By KAREN VELIE
Amid skyrocketing legal costs and demands for his departure, South San Luis Obispo County Sanitation District Administrator Gerhardt Hubner announced plans last week to resign effective Aug. 3.
At several recent board meetings, Hubner had left closed session while board members discussed the sanitation district’s significant exposure to litigation because of Hubner. In his announcement, Hubner agreed to waive and release all claims against the district while the board agreed to pay Hubner three months severance pay.
Since his hire in April 2016, the state water board has admonished Hubner twice in writing and is expected to issue a fine against the district because of an April 2017 environmental violation. In addition, there is a pending Department of Fair Employment and Housing investigation into Hubner.
Over the past 20 months, the sanitation district has launched multiple investigations. These include investigations into alleged acts of racism and code of conduct violations by Hubner, alleged threats made by the sewage plant chief operator and an alleged Brown Act violation by a board member. The ongoing squabbles have become increasingly costly to rate payers plunging district operations into the red.
In March, less than a week after sanitation district superintendent John Clemons reported that Hubner had violated the districts bylaws and purchasing policy, Hubner placed the Clemons on paid administrative leave and mounted another investigation.
For the past four months, Hubner’s critics have publicly questioned why he placed two primary employees on paid administrative leave, a lack of transparency and the rising legal bills and plant expenditures.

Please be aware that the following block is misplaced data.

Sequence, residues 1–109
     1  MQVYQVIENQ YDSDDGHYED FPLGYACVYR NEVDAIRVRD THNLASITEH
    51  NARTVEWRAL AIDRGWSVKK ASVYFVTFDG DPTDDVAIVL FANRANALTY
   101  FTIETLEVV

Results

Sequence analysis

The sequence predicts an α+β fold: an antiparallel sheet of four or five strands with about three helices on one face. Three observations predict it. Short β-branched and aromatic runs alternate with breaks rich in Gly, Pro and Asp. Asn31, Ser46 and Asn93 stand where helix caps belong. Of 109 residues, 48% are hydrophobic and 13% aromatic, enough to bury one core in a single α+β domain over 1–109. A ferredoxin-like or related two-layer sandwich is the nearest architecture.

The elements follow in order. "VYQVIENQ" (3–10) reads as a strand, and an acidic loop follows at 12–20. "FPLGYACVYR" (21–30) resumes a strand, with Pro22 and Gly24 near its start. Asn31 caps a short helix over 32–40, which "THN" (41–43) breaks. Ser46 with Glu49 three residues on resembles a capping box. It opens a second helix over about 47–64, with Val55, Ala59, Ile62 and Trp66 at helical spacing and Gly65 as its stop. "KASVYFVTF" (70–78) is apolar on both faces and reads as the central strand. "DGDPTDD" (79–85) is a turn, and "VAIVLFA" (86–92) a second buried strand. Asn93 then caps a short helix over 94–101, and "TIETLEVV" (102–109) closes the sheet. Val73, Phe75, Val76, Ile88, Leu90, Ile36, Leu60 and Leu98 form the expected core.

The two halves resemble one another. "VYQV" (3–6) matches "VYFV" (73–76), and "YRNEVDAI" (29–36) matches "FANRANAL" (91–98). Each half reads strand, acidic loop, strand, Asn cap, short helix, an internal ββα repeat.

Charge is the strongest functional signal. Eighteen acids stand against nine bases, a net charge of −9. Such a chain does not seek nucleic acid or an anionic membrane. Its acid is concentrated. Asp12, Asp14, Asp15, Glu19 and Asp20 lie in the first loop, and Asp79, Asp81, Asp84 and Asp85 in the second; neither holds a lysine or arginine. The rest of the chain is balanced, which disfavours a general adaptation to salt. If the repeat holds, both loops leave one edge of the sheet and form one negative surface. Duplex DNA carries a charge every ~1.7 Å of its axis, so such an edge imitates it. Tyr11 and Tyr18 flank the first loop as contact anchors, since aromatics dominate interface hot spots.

“I think the problem is very clearly the district administrator, Gerhardt Hubner,” Ron Arnoldsen said during public comment. “Hubner is not a good fit for the job or the district. I urge the board of directors to seek new leadership.”
Sanitation district board member Jim Hill voiced concerns that the “pointless investigations are a colossal waste of rate payer funds.”
“Hubner has conducted countless investigations at a cost of over $100,000 and to my knowledge none have shown anything wrong,” Hill said. “I am hoping Clemons comes back immediately; Clemons has done good work for the district for years.”
Hubner is leaving the district with an incomplete personnel policy, no audit for fiscal year 2015/2016 and an unfinished fiscal year 2017/2018 budget.
Nevertheless, in his resignation announcement Hubner touts his accomplishments.
“I am very proud to have accomplished many of the goals and objectives I set out to complete since coming to the district over a year ago, including” the settlement of the 2010 litigation with the Regional Water Quality Control Board, a memorandum of agreement with the City of Pismo Beach and approval by the California Coastal Commission of a 30-year coastal development permit.
Hired in April 2016, the district currently pays Hubner more than $16,000 a month in salary and benefits.
According to the sanitation district’s Aug. 2 agenda, the board is slated to vote to hire former interim administrators Paul Karp and Rick Sweet to serve as district administrators while the board conducts a search for a new administrator.